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Small Wonders: Yes, a river runs through it

August 19, 2011|By Patrick Caneday

Los Angeles is not the first place that comes to mind when one thinks of river rafting — probably not the second, third or thousandth, for that matter. But there's a group of folks hoping to change that.

When I read last week that a section of the L.A. River had been opened for guided kayak tours, I jumped at the chance. I've biked the river path from Burbank through the Glendale Narrows so many times I could lead tours myself, and I have long fantasized about exploring the murky currents up close.

Apparently, so have a lot of people. With approximately 16,000 hits to their website upon launch, the seven-week pilot program called Paddle the L.A. River sold out in 10 minutes.

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Granted, with a hard-won license from the U.S. Army Corps of Engineers — the builder and overseer of the concrete waterway — the Los Angeles Conservation Corps is hoping to make river trips in L.A. as ubiquitous as tours of the stars' homes.

With assistance from project partners like the Mountain Recreation and Conservation Authority, The River Project and others, the L.A. Conservation Corps team has charted a 1.5-mile floating journey through a soft-bottom segment of the river from the Balboa Sports Center to the Sepulveda Dam.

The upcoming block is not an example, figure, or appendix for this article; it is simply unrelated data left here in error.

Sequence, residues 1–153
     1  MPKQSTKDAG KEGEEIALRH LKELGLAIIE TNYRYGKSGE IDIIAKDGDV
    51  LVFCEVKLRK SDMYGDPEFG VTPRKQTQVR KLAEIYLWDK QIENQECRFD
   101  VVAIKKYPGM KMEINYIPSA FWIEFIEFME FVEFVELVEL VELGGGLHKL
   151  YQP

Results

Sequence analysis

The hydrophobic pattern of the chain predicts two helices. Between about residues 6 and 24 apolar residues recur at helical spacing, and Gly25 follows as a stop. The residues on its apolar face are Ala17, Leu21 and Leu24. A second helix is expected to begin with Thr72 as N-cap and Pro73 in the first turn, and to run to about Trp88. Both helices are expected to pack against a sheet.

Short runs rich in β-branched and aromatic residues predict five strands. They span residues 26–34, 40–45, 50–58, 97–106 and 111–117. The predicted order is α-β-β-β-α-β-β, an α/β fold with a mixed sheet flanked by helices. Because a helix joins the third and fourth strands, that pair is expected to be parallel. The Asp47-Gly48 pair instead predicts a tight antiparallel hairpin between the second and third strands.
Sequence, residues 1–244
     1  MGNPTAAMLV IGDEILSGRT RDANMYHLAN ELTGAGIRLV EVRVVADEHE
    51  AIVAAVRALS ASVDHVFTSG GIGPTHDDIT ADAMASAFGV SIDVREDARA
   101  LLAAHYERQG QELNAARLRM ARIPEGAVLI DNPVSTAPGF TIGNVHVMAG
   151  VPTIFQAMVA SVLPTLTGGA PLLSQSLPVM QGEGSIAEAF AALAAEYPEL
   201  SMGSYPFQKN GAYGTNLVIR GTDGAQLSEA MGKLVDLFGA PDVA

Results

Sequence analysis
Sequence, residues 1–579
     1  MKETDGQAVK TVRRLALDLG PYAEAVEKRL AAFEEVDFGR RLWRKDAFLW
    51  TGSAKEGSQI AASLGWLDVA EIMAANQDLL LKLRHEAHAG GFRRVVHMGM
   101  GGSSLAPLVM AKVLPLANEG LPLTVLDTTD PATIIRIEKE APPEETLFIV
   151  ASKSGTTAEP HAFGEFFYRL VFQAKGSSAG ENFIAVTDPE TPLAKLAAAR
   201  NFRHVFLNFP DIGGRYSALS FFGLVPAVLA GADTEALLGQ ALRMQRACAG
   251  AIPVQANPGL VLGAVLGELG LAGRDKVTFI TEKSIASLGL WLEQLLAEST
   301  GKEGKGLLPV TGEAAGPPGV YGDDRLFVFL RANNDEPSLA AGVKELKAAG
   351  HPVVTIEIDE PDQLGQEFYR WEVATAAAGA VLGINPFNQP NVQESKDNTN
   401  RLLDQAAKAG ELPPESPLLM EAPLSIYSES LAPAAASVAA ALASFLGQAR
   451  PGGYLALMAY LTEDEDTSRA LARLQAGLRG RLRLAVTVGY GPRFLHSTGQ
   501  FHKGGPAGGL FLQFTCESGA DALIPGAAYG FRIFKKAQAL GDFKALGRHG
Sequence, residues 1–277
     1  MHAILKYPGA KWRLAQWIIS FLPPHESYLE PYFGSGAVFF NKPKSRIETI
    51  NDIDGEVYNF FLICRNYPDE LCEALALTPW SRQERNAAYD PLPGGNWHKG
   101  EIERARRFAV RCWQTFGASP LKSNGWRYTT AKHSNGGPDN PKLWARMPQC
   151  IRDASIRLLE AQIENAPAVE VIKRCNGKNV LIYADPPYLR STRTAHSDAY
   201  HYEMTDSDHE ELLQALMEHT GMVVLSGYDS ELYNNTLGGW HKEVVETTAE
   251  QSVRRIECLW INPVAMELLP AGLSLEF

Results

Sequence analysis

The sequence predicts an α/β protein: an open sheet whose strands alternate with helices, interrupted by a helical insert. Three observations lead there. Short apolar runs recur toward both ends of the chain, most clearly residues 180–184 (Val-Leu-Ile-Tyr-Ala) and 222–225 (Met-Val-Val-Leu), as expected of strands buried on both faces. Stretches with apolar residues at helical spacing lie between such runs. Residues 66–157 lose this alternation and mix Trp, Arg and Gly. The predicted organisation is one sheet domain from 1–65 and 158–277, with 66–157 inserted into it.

To many, the L.A. River is just a polluted, concrete-walled creek strewn with garbage and graffiti. And those things are indeed apparent. But, like so many things in tinsel town, if you suspend disbelief just briefly, you may be surprised by what you see.

The lush, tree-lined stretch demonstrates that this natural resource is not a flood channel brimming with toxic runoff. Once on the water, it's hard to tell you're in the city, though you are reminded when traffic blares or planes depart from nearby Van Nuys Airport. But such things only add to this uniquely L.A. experience.

After a brief primer on water safety and kayak control, we shoved off under the early morning shade of the Balboa Boulevard bridge. I joined a group of teenage boys trucked in from distant parts of L.A., members of the conservation corps, whose mission is to provide at-risk youth with job-skills training, education and work experience, with an emphasis on conservation within the community.

It was inspiring to see teens, usually more at home on the tough surface of city streets than the uncertain surface of flowing water, up at dawn and venturing into such unknown territory.

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